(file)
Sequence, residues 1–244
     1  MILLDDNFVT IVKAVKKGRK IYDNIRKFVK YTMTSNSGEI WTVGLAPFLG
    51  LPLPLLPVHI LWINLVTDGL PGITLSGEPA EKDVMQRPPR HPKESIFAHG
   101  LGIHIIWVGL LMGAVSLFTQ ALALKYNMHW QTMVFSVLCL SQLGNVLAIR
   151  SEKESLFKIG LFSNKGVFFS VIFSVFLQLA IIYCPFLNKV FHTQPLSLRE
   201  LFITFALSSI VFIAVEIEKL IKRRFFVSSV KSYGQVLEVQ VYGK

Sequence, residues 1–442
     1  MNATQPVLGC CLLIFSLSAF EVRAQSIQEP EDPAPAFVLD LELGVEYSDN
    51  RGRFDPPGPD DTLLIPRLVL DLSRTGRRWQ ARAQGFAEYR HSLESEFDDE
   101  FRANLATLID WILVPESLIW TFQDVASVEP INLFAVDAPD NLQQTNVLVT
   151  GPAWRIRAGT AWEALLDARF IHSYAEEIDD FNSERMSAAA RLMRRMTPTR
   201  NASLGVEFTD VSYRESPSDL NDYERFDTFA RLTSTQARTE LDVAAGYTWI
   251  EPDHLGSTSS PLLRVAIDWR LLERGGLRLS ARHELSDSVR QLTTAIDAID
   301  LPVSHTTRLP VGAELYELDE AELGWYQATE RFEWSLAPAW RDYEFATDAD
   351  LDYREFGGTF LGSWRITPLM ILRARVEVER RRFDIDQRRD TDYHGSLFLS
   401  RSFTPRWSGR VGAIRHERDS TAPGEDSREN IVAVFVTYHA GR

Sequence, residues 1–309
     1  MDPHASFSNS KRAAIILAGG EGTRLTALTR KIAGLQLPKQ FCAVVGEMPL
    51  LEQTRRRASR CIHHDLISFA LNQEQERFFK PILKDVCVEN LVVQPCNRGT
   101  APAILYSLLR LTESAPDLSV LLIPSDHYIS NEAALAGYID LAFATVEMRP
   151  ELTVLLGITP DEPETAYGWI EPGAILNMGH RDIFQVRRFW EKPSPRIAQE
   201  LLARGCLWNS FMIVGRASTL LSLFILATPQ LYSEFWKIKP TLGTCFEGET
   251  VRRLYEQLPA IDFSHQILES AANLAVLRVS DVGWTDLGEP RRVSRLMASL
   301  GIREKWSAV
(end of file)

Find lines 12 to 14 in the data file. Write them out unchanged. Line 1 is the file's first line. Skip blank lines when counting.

   201  NASLGVEFTD VSYRESPSDL NDYERFDTFA RLTSTQARTE LDVAAGYTWI
   251  EPDHLGSTSS PLLRVAIDWR LLERGGLRLS ARHELSDSVR QLTTAIDAID
   301  LPVSHTTRLP VGAELYELDE AELGWYQATE RFEWSLAPAW RDYEFATDAD